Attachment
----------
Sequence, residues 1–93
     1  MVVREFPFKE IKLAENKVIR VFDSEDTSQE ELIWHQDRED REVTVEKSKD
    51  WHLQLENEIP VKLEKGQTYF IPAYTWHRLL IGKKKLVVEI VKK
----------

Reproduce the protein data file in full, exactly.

Sequence, residues 1–93
     1  MVVREFPFKE IKLAENKVIR VFDSEDTSQE ELIWHQDRED REVTVEKSKD
    51  WHLQLENEIP VKLEKGQTYF IPAYTWHRLL IGKKKLVVEI VKK